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Whats so difficult about ISSU
- Subject: Whats so difficult about ISSU
- From: juuso.lehtinen at gmail.com (Juuso Lehtinen)
- Date: Thu, 8 Nov 2012 23:36:22 -0800
- In-reply-to: <[email protected]om>
- References: <[email protected]om>
In vendor-speak ISSU usually refers to 'minimal traffic impact' upgrade.
Definition of minimal varies from vendor to vendor and from upgrade to
upgrade, depending of which parts of the code need to be upgraded. In
general, traffic loss during ISSU is an order of magnitude less than by
reloading the whole box or line card as with conventional upgrade.
On high level, the ISSU can be divided to two areas:
* Control plane / controller card software upgrade
* Forwarding plane / line card software upgrade
Control card software upgrade is the easy part. In 1+1 controller design,
the standby controller card is upgraded first. Next, control card
switchover is performed. And last, the remaining controller card is
Line card upgrade is the more tricky part. On high level, the line card can
be divided into forwarding plane and control plane (yes - there is CPU
complex on line cards as well). The control plane part of the line card can
be upgraded separately and then restarted. If line-card CPU is responsible
for generating OSPF hellos, the OSPF session might time out during the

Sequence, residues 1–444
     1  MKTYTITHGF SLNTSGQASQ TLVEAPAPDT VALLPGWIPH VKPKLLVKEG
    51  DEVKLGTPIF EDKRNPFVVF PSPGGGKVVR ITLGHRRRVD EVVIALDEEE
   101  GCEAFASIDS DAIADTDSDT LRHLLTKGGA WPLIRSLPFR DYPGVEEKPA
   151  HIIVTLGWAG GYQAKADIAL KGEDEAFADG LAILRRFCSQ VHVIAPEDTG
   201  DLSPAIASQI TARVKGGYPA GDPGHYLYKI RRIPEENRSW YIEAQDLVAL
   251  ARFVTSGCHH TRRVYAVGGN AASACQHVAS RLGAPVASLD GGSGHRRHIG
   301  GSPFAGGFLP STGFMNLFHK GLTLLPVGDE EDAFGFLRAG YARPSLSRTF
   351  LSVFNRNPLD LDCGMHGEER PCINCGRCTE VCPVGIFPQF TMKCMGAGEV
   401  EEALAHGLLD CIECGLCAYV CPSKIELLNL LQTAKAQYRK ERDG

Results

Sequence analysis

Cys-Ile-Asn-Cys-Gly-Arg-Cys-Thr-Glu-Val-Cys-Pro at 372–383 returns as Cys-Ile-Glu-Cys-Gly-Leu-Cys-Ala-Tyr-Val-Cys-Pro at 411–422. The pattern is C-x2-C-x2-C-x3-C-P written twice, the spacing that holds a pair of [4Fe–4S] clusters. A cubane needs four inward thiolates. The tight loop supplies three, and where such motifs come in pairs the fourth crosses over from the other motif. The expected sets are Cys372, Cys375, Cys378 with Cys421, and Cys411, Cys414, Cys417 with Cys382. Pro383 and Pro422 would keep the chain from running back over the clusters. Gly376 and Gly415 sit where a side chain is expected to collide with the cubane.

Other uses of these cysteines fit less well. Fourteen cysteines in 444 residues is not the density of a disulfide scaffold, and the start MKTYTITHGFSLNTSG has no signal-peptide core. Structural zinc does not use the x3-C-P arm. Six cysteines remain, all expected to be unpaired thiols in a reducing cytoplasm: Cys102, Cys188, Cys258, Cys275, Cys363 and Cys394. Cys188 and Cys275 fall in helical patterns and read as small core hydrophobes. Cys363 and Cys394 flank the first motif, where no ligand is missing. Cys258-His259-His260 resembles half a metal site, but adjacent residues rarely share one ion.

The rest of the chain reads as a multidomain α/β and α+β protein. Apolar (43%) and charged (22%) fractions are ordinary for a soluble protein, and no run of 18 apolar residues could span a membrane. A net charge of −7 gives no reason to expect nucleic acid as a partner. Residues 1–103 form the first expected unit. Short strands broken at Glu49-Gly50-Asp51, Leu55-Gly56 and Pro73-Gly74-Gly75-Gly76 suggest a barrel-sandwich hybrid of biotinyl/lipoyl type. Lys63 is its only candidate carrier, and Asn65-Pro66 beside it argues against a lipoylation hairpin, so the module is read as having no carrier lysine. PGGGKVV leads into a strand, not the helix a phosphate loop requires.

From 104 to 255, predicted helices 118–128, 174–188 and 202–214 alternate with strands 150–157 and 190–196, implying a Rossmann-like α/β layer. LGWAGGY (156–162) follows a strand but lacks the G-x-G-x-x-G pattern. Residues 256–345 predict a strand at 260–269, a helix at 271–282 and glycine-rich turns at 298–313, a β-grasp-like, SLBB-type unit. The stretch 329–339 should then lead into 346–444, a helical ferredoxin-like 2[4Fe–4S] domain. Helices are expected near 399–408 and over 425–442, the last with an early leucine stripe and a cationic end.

restart. However, for most protocols, graceful restart extensions help over
any such issues. While the control plane is rebooting, the forwarding bits
on the line card continue packet forwarding.
The forwarding plane upgrade of the line card is the tricky part. This is
the part that will cause the 'short outage' during ISSU. If the code
upgrade needs to touch microcode or FPGA code, you will be seeing some
traffic loss. It is just the way these chips are built - you cannot
reprogram FPGA without taking the FPGA out of service first. The same
applies to network processors as well.
In theory you could duplicate these forwarding plane chips on line cards
and implement simple switch before the PHY. However, I doubt if any vendor
has gone this way as it would push line card prices much higher.
If your SLAs are built so that no packet loss is acceptable, you need to
work around the ISSU limitations:
* Use line-level protection on adjacent line cards (LAG, APS1+1, MSP1+1) -
when primary card goes down, the backup card will carry the traffic
* When upgrading a transit router, route traffic via redundant path before
starting transit router upgrade
is such that no traffic loss whatsoever is acceptable, be sure to
On Thu, Nov 8, 2012 at 3:22 PM, Kasper Adel <karim.adel at gmail.com> wrote:
> We've been hearing about ISSU for so many years and i didnt hear that any
> vendor was able to achieve it yet.
> What is the technical reason behind that?
> If i understand correctly, the way it will be done would be simply to have
> extra ASICs/HW to be able to build dual circuits accessing the same memory,
> and gracefully switch from one to another. Is that right?